The separation of the somatic cells and the meiocytes is important to explore molecular mechanisms governing development of both types of tissues in anthers. This, however, was not possible until the discovery of laser microdissection (LM) assay (Nakazono et al., 2003), a technique that later led to the separation of transcriptomes of pollen and tapetum cells in rice anthers, thereby leading to identification of networks of genes that operate during meiosis (Aya et al., 2011). Several meiosis-specific gene sub-networks, “such as transition from mitosis into meiosis (MEL1, MEL2, OsAML1, RNA polymerase, SET domain, PWWP domain, double-stranded RNA binding, ribonucleoprotein), homologous pairing (PAIR1), synapsis (PAIR2, ZEP1, PAIR3); meiotic replication and chromosome structure control (OsPOLE1, Flap endonuclease, OsRAD21-4, OsSMC2, OsRPA2C); meiotic recombination (DMC1A, DMC1B, BRCA1-associated protein, OsRAD17, RNA helicase, SNF2, OsMER3, OsMSH4, OsMSH5) and meiotic progression (OsSDS, Cyclin A, Cyclin B, Cyclin D, CUL1, SKP1B, OsMMD1, OsCDC20)” were identified (Aya et al., 2011). Like pollen meiosis, pollen mitosis is also a poorly understood process. Pollen mitosis is disrupted in plants with mutated RING-finger E3 ligases, RING-H2 group F 1a (RHF1a) and RHF2a (Liu et al., 2008). These genes play role in Arabidopsis pollen mitosis I (PM I) and probably in pollen mitosis II (PM II). In rhf1a rhf2a double mutant, 30–40% microspores fail to go through PM I and 20–30% of the surviving microspores fail to undergo PM II (Liu et al., 2008). RHF1a interacts directly with a cyclin-dependent kinase inhibitor ICK4/KRP6 (Interactors of Cdc2 Kinase 4/Kip-related protein 6), which is a negative regulator of mitosis (Liu et al., 2008). In contrast to mitosis where ICK4/KRP6 transcription is turned off, it is switched on during meiosis (Liu et al., 2008). In addition to this, Arabidopsis transcription initiation factor TFIIB-related protein BRP4 is also involved in the regulation of mitotic cell-cycle progression during male gametogenesis (Qin et al., 2014). Lowered expression of this gene results in arrest of mitotic division, as evident from knockdown mutants developed using RNA interference construct (Qin et al., 2014). Furthermore, ORC6, a gene encoding a subunit of the origin recognition complex, acts downstream of BRP4 (Qin et al., 2014). The discussion on programmed death of tapetum, pollen development, exine or intine formation, etc. is out of preview of this article and these have been described elsewhere (Wilson and Zhang, 2009; Parish and Li, 2010; Chang et al., 2011; Quilichini et al., 2014; Zhang and Yang, 2014), however, role of gibberellic acid (GA) needs mention, as this mechanism is disrupted by cold stress (CS) in susceptible genotypes.
Gibberellic Acid in Pollen Development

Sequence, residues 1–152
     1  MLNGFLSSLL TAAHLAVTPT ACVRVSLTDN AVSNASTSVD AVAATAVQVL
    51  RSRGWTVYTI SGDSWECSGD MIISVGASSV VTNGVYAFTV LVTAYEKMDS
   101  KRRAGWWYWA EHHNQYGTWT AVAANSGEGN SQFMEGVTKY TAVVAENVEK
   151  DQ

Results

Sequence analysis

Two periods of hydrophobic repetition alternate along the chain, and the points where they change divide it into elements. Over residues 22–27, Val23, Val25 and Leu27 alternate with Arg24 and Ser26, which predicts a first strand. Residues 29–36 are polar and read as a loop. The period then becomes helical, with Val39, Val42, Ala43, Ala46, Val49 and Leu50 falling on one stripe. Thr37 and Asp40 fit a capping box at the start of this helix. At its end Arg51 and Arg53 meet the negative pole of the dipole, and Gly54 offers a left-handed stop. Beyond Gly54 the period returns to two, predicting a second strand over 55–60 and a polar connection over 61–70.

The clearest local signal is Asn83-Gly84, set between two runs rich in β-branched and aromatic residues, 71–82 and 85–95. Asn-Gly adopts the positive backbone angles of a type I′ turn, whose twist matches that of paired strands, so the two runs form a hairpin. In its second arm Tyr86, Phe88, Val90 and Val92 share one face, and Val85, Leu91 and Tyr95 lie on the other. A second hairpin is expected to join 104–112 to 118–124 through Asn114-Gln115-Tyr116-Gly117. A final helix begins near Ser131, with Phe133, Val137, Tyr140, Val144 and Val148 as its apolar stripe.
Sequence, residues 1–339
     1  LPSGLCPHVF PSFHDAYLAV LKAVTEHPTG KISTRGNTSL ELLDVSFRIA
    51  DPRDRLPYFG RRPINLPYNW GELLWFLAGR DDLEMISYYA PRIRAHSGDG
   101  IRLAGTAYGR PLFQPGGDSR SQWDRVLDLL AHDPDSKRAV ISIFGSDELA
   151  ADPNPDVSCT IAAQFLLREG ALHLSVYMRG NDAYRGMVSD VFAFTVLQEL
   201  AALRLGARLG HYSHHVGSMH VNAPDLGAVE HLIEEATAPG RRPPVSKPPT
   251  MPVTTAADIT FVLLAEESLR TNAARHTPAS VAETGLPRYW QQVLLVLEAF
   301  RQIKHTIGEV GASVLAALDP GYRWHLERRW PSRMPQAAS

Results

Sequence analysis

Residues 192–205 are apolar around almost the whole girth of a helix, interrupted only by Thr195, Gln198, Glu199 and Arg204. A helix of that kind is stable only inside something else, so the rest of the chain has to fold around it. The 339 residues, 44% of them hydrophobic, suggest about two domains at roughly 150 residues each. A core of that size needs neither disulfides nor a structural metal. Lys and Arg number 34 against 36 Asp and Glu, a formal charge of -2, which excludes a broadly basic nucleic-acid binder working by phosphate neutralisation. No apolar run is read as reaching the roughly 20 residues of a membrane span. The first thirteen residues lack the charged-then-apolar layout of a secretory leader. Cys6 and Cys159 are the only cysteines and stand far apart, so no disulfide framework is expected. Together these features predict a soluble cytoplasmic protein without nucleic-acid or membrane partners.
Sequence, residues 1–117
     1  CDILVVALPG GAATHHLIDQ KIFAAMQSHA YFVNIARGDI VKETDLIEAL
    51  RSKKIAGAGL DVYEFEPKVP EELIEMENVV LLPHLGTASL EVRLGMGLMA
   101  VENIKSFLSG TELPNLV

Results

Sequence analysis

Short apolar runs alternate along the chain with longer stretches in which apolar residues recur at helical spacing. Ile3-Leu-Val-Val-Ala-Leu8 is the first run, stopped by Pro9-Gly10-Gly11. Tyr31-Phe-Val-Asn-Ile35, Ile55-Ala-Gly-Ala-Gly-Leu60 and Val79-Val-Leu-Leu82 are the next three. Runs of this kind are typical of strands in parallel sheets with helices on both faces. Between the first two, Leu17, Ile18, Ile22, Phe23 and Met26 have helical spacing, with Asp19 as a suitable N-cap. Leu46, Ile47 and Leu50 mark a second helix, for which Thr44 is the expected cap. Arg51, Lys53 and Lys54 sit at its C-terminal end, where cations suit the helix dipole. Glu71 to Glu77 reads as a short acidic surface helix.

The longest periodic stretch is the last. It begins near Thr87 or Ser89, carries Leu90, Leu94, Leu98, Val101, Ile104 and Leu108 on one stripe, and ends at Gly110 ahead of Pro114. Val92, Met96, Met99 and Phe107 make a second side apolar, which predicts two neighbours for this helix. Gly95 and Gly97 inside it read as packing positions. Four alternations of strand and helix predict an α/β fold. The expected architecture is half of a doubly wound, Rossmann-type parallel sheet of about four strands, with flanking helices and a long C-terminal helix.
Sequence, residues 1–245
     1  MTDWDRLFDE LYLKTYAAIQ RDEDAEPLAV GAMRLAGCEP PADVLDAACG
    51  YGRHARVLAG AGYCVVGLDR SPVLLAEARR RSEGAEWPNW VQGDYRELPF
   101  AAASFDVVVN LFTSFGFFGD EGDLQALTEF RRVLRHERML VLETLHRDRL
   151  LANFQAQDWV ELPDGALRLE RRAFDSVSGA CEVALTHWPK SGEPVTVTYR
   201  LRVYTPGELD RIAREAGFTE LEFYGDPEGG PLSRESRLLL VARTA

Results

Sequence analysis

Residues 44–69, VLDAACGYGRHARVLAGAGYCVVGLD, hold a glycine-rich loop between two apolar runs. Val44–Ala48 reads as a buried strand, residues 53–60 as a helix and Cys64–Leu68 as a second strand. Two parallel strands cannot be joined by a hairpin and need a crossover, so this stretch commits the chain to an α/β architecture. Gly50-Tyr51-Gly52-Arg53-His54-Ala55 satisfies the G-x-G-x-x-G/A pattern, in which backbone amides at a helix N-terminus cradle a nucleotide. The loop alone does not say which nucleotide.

Gibberellic acid is a relatively well-studied growth regulator for its role in anther and pollen development. GAs are vital to anther development as well as pollen viability (Kwon et al., 2015), and GA signaling predominantly works in tapetal cells (Plackett et al., 2011). GA regulates tapetum differentiation as well as initiation of tapetum programmed cell death (PCD) via GA-regulated myeloblastosis (GAMYB), a gibberellin-regulated transcriptional activator (Plackett et al., 2014). Enzymes, GA oxidases and GA hydroxylases, catalyze late steps in synthesis of active GAs. Loss of GA20 oxidase activity arrests anther developmental and tapetum does not degrade (Plackett et al., 2011). GA interacts with receptor GID1 (GA INSENSITIVE DWARF1) and the complex binds to the GRAS family protein DELLA (Plackett et al., 2011; Davière and Achard, 2016), a protein that is essential for pollen development in monocots as well as dicots (Plackett et al., 2014; Davière and Achard, 2016). The GRAS gene family is comprised of three members, i.e., GAI (GIBBERELLIN-INSENSITIVE), RGA (REPRESSOR of ga1–3) and SCR (SCARECROW-LIKE) whereas DELLA, a subfamily of GRAS has five members in Arabidopsis: GAI, RGA, RGA-LIKE 1 (RGL1), RGL2, and RGL3. The ubiquitination of GID1 and DELLA complex by SCF-E3 ubiquitin ligase leads to proteolysis of DELLA and activation of GA signaling targets (Ueguchi-Tanaka et al., 2007; Plackett et al., 2011). A casein kinase I (CK1) protein called Rice early flowering1 (EL1) phosphorylates DELLA protein SLR1 (slender rice 1) in rice to negatively regulate gibberellin signaling (Dai and Xue, 2010). Recent evidence suggests that the modulation of GA activity by EL1 is essential for anther development and pollen viability as el1 mutants were early flowering but with low fertility (Kwon et al., 2015). GAMYB appears to be the key TF in GA signaling pathway. It activates the expression of CYP703A3, KAR, and other genes involved in the synthesis of sporopollenin and is essential for anther and pollen development (Aya et al., 2009). DELLA, which regulates GA signaling, also integrates several other hormone signaling pathways, e.g., brassinosteroid (Bai et al., 2012), auxin (Oh et al., 2014), abscisic acid (ABA; Lim et al., 2013) and jasmonic acid (JA; Hou et al., 2013; Davière and Achard, 2016). Recently, a jasmonate responsive transporter called GTR1 was found to involve in GA transport and gtr1 mutants were impaired in filament elongation and anther dehiscence, and were sterile (Saito et al., 2015). In Arabidopsis, DELLAs mediated cross-talk between GA and other signaling pathways was mediated by O-linked N-acetylglucosamine (O-GlcNAc) transferase (OGT) SECRET AGENT (SEC; Zentella et al., 2016). Some non-GA pathways are also associated in floral development, as is evident from phenotypic recovery of late flowers in GA-deficient mutants (Plackett et al., 2011). In an elite japonica cultivar Koshihikari, that possessed non-functional el1 allele, production of fertile spikelets and normal grain yields similar to other elite japonica cultivars was observed (Kwon et al., 2014, 2015). This fertility suggests occurrence of either non-GA or non-DELLA GA pathways that are known to occur in tomato (Livne et al., 2015). Seedless fruit development in Arabidopsis della mutants is an example of parthenocarpy through non-DELLA GA signaling (Fuentes et al., 2012). The machineries of non-GA and non-DELLA pathways are, however, unknown. A rough estimate based on transcriptome analysis of tomato is that “5% of all GA regulated genes in tomato are DELLA independent” (Livne et al., 2015). Lack of understanding of non-GA and non-DELLA regulation is a major impediment in gaining complete understanding of pollen/flower development in crop plants. This is further complicated by the fact that the cross talk among different hormones regulating pollen development is still fragmented.